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Indian Engineer's Murder in US Raises Concern of Climate of Intolerance


Srinivas Kuchibhotla (Kuchibhotla family/Via
Srinivas Kuchibhotla (Kuchibhotla family/Via

Indian officials expressed shock at the shooting death of an Indian engineer at a bar in the United States. U.S. authorities are investigating the incident as a possible hate crime.

The incident was widely reported by Indian media and drew strong reaction on social media. Tens of thousands of Indians study and work in the United States and many say they are concerned about what they perceive as anti-immigrant rhetoric from the Trump administration.

But many young Indians and Indian-Americans in India have a more ambivalent reaction to the news.

“Part of me wishes I was home to be part of the protests and actions for peace, but another part of me is scared to see what will be waiting for me and the other desi Americans abroad right now when I get back,” Yasin Khan, an Indian-American from Connecticut currently in Darjeeling, told VOA.

Khan, like other Indian-Americans, says she was not shocked by the horrible news coming from her country, claiming that “unfortunately” shootings and hate crimes are not new.

“Growing up in America these kind of things happen so much,” Vishnu Reddy, an American medical student at Manipal University in South India, told VOA. “I’m definitely planning on going back to the states and settling there – I grew up there. I feel more at home there. And no I wouldn’t say that this changes my mind at all.”

White House spokesman Sean Spicer said Friday that any loss of life is tragic, but said it would be absurd to link the killing to President Donald Trump's rhetoric. He said it was too early to determine a motive for the attack.

Indians who do not call the United States home may have more reservations about moving there as anti-immigrant rhetoric increases.

New form of racism?

“Clearly it hurts some people’s ideas about migrating to the US,” said Kshitij Agrawal, an engineer with Intel in Bangalore. “I mean it’s not so shocking because incidents like this have happened, but it’s a new form of racism that’s coming out.”

Jaganmohan Reddy, father of Alok Madasani, an engineer who was injured in the shooting Wednesday night in a crowded suburban Kansas City bar, speaks to the media at his home in Hyderabad, India, Feb. 24, 2017.
Jaganmohan Reddy, father of Alok Madasani, an engineer who was injured in the shooting Wednesday night in a crowded suburban Kansas City bar, speaks to the media at his home in Hyderabad, India, Feb. 24, 2017.

Indian engineer Srinivas Kuchibhotla, 32, died of the wounds he sustained when a man allegedly opened fire in a crowded bar in suburban Kansas on Wednesday. Another Indian and an American who tried to intervene were injured in the incident.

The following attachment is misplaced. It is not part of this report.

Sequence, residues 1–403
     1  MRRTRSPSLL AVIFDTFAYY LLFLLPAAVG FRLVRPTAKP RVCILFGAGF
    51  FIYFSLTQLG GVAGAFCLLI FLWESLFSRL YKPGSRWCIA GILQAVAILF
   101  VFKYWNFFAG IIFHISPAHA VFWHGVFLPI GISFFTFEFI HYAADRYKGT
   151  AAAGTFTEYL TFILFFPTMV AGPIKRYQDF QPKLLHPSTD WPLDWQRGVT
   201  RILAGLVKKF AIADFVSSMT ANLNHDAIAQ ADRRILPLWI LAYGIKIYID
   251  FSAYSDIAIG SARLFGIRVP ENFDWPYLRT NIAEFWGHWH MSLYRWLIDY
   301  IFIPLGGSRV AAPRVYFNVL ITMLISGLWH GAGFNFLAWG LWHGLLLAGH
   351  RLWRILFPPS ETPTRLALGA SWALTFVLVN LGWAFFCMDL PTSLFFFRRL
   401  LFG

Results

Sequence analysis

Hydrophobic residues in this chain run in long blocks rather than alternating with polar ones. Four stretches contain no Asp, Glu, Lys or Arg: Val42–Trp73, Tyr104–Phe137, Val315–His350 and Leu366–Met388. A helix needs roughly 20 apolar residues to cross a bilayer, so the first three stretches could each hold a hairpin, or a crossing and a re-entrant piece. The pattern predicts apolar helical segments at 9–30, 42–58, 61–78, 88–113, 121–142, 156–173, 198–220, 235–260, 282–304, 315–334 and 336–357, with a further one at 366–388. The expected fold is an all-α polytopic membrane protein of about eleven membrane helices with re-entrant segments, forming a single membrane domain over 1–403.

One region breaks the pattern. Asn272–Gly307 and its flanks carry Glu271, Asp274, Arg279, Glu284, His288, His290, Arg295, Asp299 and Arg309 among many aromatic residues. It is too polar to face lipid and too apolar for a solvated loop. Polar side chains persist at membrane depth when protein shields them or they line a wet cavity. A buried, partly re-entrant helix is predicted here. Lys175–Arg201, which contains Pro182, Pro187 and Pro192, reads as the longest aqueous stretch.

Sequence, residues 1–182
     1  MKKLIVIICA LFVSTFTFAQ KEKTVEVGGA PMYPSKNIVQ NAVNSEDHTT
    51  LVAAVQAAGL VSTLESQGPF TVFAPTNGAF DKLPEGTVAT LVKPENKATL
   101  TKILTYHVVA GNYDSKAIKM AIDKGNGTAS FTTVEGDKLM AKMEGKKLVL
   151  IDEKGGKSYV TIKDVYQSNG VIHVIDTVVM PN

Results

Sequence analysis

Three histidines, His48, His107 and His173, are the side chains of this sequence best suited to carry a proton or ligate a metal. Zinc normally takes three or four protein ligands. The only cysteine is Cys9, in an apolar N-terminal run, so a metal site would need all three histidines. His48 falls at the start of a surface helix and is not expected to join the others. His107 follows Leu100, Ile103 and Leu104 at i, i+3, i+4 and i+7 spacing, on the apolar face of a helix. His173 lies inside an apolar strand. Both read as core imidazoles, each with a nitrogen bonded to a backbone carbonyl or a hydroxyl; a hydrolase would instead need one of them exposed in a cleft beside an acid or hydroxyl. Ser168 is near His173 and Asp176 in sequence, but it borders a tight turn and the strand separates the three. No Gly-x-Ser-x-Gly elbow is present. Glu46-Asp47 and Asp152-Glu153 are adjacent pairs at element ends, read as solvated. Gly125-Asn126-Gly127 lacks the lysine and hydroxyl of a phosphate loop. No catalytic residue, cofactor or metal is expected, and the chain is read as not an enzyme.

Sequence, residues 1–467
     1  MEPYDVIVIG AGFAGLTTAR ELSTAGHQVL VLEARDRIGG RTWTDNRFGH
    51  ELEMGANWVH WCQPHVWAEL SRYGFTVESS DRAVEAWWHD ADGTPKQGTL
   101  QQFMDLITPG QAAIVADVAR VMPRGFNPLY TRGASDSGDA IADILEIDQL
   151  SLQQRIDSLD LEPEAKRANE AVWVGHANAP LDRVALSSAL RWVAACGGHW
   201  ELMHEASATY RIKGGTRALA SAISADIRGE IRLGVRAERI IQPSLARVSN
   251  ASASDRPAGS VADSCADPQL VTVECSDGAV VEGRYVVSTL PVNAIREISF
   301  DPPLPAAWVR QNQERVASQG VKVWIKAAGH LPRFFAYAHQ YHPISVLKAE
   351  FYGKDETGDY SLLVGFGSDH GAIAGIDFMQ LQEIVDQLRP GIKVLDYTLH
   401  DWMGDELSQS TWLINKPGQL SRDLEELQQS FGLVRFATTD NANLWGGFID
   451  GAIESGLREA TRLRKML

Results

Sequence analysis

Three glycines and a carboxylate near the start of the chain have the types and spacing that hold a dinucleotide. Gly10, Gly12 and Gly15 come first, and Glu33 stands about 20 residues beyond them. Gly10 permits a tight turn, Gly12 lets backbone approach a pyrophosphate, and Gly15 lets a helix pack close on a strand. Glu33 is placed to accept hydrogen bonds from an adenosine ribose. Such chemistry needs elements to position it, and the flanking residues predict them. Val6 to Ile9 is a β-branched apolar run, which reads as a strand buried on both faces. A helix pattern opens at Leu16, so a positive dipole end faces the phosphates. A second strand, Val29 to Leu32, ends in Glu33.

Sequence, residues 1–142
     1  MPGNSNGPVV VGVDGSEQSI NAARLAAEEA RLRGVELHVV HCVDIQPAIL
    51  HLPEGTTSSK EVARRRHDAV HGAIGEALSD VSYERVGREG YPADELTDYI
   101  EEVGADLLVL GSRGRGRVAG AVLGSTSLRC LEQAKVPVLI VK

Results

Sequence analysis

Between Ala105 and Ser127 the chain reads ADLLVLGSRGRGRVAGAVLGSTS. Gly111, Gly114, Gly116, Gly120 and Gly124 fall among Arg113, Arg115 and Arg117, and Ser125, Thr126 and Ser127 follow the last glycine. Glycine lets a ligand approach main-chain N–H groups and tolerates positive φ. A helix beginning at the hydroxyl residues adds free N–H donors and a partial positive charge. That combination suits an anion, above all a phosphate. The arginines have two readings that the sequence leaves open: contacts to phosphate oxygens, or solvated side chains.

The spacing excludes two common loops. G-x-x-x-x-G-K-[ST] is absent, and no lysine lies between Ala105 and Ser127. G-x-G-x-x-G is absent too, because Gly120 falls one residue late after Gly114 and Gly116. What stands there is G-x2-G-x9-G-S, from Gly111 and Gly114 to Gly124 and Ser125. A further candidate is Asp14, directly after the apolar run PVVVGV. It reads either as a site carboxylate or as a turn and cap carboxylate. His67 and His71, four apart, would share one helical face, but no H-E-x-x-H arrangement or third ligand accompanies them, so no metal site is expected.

The Kansas City Star quoted a witness as saying a man shouted “Get out of my country” before shooting at the Indian men.

Adam Purinton, 51, was arrested hours after the shooting and has been charged with murder and attempted murder.

Kuchibhotla, who earned an engineering degree in India, went on to pursue a postgraduate degree in electronics from the University of Texas and then worked in the United States. He and his wounded colleague, Alok Madasani, both from the southern Indian city of Hyderabad, worked at Garmin International, a GPS navigation and communications company.

Indian Foreign Minister Sushma Swaraj said in a Twitter post, “I am shocked at the shooting incident in Kansas in which Srinivas Kuchibhotla has been killed. My heartfelt condolences to bereaved family."

She said Madasani, who was injured, has been released from the hospital.

An Indian Foreign Ministry statement said that two Indian embassy officials were going to Houston to ascertain more details of the incident and monitor follow up action.

Official condemnation

Condemning the shooting, the U.S. embassy in New Delhi said in a statement that “the United States is a nation of immigrants and welcomes people from across the word to visit, work, study and live.”

U.S. Charge d’ Affaires MaryKay Carlson said U.S. authorities will investigate thoroughly and prosecute the case.

Referring to the incident, an Indian lawmaker and a former junior foreign minister, Shashi Tharoor, tweeted that “the vicious racism unleashed in some quarters in the U.S. claims more innocent victims, who happen to be Indian.”

Such comments came amid rising concerns among middle class Indians – who have long aspired to study and work in the United States, that President Donald Trump’s rhetoric on immigration and jobs could fuel a climate of intolerance. Most Indian immigrants to the United States are technology professionals.

In Washington, Jay Kansara, from the advocacy group the Hindu American Foundation, called for the shooting to be investigated as a hate crime.

“Anything less will be an injustice to the victims and their families,” he said.

Indian media reports also highlighted the role of the American who pursued the assailant, some referring to him as a hero.